I’m looking for a full or short stack ninja that tests first, asks questions later, agiles to the max, and whatever manically enthusiastic things will get your attention in a job blurb.  I don’t like people to work more than 40 hours per week, I don’t have any ping pong tables, offering instead good health insurance, dignity, and autonomy in your work.  And I’ll offer you $150K per year even if you made $85K per year at your last job.  Sound good?

Well, there is one catch, and I’m pretty firm on this point.

The official job title is “Incompetent Software Developer.”  That’s what it will say in your offer letter and on the placard adorning the door to your corner office.  It’ll say that on your business cards as well.  And we have a pretty strict social media policy, so you’ll also have to updated your LinkedIn, Facebook, and Twitter titles all to read “Your Name Here, Incompetent Software Developer at DaedTech.”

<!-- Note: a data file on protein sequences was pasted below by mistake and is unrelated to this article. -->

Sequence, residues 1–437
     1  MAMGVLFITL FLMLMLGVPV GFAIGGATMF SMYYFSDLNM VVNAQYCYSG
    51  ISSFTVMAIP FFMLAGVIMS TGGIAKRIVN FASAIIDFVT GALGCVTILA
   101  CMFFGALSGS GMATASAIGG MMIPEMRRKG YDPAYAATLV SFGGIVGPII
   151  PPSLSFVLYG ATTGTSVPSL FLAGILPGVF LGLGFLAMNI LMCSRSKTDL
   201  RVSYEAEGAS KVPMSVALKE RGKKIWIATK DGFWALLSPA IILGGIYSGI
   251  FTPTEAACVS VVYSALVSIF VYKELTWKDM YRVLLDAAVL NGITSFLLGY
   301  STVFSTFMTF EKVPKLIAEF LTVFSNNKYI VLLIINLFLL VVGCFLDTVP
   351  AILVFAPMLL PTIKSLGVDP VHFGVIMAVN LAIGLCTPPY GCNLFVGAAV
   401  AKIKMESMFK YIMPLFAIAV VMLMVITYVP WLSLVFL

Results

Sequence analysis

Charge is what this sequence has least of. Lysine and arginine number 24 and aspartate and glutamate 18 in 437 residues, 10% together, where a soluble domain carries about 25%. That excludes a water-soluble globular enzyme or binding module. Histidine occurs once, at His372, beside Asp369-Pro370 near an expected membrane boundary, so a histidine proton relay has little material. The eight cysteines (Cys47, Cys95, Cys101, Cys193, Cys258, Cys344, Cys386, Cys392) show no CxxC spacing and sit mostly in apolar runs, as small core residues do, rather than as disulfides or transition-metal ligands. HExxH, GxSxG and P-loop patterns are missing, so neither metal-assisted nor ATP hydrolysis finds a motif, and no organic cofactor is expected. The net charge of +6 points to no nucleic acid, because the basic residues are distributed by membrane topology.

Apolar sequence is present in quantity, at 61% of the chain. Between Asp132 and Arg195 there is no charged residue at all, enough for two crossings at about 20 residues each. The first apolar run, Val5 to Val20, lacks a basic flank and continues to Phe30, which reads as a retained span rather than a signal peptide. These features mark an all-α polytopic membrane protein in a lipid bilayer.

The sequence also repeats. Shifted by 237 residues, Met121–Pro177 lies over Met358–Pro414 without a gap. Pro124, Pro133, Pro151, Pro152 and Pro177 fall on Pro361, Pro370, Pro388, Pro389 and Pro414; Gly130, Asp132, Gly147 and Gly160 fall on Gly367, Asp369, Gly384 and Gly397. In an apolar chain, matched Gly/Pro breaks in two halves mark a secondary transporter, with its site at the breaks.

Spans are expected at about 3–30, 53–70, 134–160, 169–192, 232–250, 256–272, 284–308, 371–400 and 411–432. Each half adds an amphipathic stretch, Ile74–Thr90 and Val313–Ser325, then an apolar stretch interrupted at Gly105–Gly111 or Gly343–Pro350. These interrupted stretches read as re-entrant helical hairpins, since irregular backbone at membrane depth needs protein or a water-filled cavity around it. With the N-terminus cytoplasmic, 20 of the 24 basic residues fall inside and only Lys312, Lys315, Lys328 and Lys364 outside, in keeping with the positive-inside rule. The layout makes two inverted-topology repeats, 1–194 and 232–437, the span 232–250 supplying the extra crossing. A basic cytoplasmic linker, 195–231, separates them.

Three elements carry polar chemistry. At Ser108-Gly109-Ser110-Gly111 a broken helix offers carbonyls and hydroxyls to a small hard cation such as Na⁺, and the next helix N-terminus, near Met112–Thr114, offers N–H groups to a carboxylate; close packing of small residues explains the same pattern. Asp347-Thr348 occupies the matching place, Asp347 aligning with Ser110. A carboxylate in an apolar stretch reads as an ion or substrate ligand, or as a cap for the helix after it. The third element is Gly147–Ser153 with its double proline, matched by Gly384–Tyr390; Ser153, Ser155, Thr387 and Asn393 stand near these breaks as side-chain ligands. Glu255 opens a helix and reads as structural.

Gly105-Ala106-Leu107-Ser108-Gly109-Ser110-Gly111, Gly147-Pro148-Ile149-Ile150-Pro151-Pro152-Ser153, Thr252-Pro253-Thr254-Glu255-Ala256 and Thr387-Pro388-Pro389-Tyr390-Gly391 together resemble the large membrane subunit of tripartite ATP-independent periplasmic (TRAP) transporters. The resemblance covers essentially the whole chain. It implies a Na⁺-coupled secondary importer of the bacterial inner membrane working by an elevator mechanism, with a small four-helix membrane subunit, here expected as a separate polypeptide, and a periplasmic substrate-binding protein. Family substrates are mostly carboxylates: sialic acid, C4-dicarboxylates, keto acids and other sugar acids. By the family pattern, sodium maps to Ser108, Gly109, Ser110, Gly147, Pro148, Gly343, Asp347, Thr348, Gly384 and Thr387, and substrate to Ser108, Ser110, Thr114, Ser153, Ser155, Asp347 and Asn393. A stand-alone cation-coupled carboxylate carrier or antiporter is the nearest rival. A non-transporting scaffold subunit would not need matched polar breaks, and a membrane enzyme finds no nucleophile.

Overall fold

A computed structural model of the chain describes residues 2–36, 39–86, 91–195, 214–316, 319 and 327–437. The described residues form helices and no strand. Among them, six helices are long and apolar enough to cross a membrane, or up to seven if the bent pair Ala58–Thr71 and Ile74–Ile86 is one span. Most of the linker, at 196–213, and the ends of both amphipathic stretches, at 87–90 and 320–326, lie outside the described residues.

Do you take this job?

That’s not a rhetorical question, by the way.  An incremental $65K per year is no joke — that’s a TON of money.  Some people might say you can’t put a price tag on dignity.  Others might say, “I sure can, and that price is $65K.”  I wouldn’t judge either way.

The Job Title as a Negative-Value “Perk”

In a CIO role that I once had, years ago, I had to revamp the org chart for my group, as I described here.  I picked the titles that I thought would make my people most competitive on the open market because I wanted good things for them in their careers.

The owner of the company had an objection at the time that infuriated me.  He worried that giving them good job titles would make it easier for them to work elsewhere and wondered if we shouldn’t sandbag them a little.  Make them “coders” instead of “software engineers” or throw in a “junior” at the lowest level.